CALEXICO — The city of Calexico’s Feria Pa La Raza festival provided an abundance of sights, smells, and sounds the likes of which have not been assembled in an outdoor setting here since the onset of the pandemic.
Typical of such an event was the sounds of chattering people and live music. Less common was having taco vendor Pedro Ortiz proclaiming that the fare from his local restaurant, Crazy Bull Inc. Taqueria, precluded anyone from ever having to go to Mexicali for tacos again.
Such an assertion was perhaps marketing bluster on his part. Yet Ortiz, who up until about three years ago had been a longtime merchant at the now-closed Santo Tomas Swap Meet, did also express deep gratitude for the opportunity to take part in the event.
“We have to give back to the city what it has given to us,” Ortiz said in Spanish to anyone within earshot. “We have to lift up this place, which currently needs a lifeline.”
Indeed, the free outdoor event, which was held on First Street between Heffernan and Mary avenues on Thursday, Oct. 28, was billed as just that by the city.
“The event is the reflection of a Calexico community organizer and city administration coming together to host a community event that the city of Calexico has been in dire need of throughout the pandemic,” said City Manager Miguel Figueroa, who was on hand during the event.
Judging by the size and festiveness of the crowd, it was everything the city could’ve hoped for. Hundreds crowded First Street during the five-hour event that also featured a costume contest and a variety of food and craft vendors, and informational tables set up by local organizations.
Nor is it expected to be the last.
“This is just the first event of many that will be regularly scheduled that will highlight the different sectors of our business community,” Figueroa said.
Yvette Vega, who lives near where the event was situated, said she was not aware of the street fest until it materialized outside her front door that day.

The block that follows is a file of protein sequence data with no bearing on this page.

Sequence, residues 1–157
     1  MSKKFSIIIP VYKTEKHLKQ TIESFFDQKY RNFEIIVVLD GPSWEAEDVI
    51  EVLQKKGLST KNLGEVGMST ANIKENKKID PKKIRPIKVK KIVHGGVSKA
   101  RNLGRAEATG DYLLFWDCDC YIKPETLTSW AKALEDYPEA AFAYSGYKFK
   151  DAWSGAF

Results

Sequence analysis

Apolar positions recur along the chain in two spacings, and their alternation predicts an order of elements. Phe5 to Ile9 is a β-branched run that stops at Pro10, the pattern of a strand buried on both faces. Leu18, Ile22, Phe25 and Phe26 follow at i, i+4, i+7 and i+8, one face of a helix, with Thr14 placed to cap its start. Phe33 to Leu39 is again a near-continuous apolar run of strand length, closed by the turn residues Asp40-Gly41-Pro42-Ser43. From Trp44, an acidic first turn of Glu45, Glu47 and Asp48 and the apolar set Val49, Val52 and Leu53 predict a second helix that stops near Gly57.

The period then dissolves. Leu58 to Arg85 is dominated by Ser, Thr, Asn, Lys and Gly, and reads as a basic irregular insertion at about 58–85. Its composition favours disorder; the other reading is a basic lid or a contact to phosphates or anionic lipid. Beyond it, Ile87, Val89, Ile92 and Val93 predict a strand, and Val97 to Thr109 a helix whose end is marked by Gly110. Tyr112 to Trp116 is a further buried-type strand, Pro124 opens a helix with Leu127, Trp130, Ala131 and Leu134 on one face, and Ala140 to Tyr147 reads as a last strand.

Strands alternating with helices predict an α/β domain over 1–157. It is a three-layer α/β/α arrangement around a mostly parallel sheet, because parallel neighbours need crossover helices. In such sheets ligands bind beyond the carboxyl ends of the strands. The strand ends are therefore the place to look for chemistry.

Vega said she enjoys community events whether they are in Calexico or other Valley locales and, in the past, has been a vendor at the city-sponsored farmers markets. Still, her presence at the Feria Pa La Raza was largely owed to her daughter, Natelly Vega.
“As soon as I walked through the door she said, ‘Let’s go over there,’” the elder Vega said.
Preparations for the event took about six weeks. The city worked closely with event organizer and Calexico resident Jose Luis Contreras to make it happen.
The city’s efforts included filling potholes along the roadway and in a parking lot where the street fest was situated, as well as expediting the business license application process, City Council member Raul Ureña said.
The expedited application process resulted in some 31 local vendors newly registering for the event and is also expected to facilitate vendor participation in future community gatherings.
“The people said we want this, and the people got what they asked for,” Ureña said.
Much credit is owed to the city’s newly hired Planning Department Director Lisa Tylenda, as well as Public Works manager Liliana Falomir. Tylenda assisted organizers and participants with the requisite paperwork, while Falomir ensured that the site’s physical infrastructure was in optimal condition, Ureña said.
“They moved very quickly around the clock,” he said.
The collaborative experience is expected to pay further dividends as the city prepares for upcoming community events. Some of those include the Nov. 6 grand opening of Dawgs Hot Dogs, to be celebrated again at First Street and Heffernan Avenue, and which will include a beer garden, additional food vendors and live music.
The Mexican consulate in Calexico is also partnering with the city to host an outdoor event to commemorate Mexico’s Dia de La Revolucion on Nov. 20 in the city’s downtown area. That event is expected to serve alcoholic beverages, as well, Ureña said.
“That’s going to be a bigger cultural event that will last longer,” he said.
To make the city more business-friendly, the City Council also recently approved significant reductions in its development fees that are expected to make it easier than ever to modify a commercial or residential structure. Sidewalk vendors have been legalized as well, and can operate year-round, Ureña said.
The city’s business-friendly atmosphere is one reason that Marcie and Alex Morales of El Centro decided to open their CBD and hemp product boutique, called La Flor Milagrosa, in July.
“We fell in love with the city,” Marcie said.
“Look how welcoming it is,” Alex said, as he gestured toward the large crowd during the Feria De La Raza.